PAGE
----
2012 – Development of wearable sensors to measure sweat rate and conductivity
Doctoral Thesis / Dissertation
Author: Pietro Salvo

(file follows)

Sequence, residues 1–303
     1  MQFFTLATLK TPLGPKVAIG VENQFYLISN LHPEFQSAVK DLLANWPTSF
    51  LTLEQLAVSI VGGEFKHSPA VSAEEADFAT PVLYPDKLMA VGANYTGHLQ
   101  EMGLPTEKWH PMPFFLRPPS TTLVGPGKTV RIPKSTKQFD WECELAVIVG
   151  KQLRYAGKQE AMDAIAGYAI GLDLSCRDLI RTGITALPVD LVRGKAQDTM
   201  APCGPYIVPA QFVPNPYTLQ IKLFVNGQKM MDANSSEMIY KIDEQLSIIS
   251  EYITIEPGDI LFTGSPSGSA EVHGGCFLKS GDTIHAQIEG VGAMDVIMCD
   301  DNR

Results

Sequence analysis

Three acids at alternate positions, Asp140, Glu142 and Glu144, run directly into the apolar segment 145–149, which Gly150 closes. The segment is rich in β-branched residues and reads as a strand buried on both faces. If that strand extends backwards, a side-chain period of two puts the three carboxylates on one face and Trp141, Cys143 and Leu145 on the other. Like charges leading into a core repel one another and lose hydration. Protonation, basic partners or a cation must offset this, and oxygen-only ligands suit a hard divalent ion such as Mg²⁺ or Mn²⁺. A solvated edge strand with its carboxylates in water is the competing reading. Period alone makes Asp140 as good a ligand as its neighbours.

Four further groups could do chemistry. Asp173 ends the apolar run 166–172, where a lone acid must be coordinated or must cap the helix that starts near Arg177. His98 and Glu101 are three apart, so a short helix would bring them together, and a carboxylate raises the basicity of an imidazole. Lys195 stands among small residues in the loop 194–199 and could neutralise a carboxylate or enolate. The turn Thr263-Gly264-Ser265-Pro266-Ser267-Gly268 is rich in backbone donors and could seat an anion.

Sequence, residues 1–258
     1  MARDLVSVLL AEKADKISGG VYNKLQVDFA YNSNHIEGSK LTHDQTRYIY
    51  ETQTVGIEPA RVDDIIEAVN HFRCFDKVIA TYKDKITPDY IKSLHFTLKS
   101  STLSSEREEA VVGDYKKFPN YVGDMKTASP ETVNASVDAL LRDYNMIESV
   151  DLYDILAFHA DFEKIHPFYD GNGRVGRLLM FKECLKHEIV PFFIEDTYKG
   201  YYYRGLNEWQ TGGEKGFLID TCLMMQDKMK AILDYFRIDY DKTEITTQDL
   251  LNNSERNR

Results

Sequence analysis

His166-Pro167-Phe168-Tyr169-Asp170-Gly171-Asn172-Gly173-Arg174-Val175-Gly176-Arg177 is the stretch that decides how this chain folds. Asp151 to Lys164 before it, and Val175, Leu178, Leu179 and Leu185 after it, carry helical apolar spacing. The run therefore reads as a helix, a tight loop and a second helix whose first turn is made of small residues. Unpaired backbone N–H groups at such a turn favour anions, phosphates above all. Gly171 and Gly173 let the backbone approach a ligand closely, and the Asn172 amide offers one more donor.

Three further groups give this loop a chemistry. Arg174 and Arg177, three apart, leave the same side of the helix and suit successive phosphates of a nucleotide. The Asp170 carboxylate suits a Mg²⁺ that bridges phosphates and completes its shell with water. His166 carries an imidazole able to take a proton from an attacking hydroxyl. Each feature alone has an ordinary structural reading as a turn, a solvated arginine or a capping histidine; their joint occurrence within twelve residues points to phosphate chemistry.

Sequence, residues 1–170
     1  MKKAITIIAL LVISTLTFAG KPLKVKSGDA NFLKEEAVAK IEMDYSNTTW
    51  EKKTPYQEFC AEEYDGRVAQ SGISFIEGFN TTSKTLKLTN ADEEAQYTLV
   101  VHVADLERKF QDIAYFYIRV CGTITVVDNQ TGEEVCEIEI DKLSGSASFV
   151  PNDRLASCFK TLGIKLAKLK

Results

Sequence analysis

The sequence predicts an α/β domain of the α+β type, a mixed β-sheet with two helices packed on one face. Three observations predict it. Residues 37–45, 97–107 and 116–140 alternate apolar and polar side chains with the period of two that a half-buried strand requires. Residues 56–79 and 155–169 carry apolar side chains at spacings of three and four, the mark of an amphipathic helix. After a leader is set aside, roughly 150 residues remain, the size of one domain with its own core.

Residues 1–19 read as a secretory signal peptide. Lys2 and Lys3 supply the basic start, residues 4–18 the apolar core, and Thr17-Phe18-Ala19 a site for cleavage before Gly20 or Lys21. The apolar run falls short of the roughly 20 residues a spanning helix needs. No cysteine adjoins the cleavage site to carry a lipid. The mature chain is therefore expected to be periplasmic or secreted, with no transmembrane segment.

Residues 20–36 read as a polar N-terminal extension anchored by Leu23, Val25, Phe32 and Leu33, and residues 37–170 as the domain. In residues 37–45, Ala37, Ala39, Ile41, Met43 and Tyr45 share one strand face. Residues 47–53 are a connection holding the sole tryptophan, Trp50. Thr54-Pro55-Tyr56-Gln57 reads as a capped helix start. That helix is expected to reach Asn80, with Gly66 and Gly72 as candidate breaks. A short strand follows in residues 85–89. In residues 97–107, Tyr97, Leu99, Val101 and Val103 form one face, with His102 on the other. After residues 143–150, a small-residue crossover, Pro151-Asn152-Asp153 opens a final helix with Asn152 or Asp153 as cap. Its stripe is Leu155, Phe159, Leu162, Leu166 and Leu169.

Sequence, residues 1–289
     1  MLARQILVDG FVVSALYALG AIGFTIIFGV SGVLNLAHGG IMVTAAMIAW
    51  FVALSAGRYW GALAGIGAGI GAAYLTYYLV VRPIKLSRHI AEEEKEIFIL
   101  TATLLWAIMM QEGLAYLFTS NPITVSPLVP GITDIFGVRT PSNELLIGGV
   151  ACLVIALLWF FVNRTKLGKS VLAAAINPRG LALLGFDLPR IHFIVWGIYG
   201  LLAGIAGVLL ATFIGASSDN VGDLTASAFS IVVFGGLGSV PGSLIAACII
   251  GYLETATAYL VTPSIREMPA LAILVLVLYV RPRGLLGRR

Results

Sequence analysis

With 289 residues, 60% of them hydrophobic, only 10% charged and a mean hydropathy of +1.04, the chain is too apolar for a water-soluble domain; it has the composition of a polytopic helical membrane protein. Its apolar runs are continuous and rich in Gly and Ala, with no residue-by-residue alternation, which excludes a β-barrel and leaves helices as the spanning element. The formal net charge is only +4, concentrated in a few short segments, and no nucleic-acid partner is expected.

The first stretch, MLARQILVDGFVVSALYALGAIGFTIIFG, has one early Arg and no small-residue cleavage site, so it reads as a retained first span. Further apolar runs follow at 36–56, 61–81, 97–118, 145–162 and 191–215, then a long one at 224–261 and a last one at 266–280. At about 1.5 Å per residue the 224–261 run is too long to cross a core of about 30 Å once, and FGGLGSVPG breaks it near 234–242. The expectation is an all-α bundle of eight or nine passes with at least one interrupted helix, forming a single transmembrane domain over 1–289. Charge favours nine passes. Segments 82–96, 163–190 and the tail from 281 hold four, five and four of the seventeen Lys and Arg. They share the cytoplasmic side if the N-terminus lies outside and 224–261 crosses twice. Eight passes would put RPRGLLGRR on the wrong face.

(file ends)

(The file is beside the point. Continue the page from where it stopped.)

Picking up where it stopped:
Wearable sensors present a new frontier in the development of monitoring techniques. They are of great importance in sectors such as sport and healthcare as they permit the continuous monitoring of physiological and biological elements such as ECG and human sweat. Until recently this could only be carried out in specialized laboratories in the presence of cumbersome and often expensive devices. Sweat monitoring sensors integrated onto textile substrates are not only part of a new field of work but they also represent the first attempt to implement such an innovative idea on a system which will be worn directly on the body. The purpose of this book is to present possible designs and technologies of low cost wearable sweat rate and conductivity sensors integrated onto a textile. The first chapter deals with a preliminary introduction on sweat production and composition, and the applications of wearable devices. Second chapter describes the conductivity sensor: geometry, materials and coupling with a temperature sensor for precise measurements are discussed. This is followed by a chapter on the sweat rate sensor and the technologies employed to fabricate it. Sensors based on a) conductive yarns coated with hydrophilic polymers, b) conductive polymer fibres, c) hydrophilic polymers between conductive fabrics and d) humidity sensors are described in detail. Last chapter provides a study of sweat production in different body areas, the calibration procedure and the results after testing on human volunteers.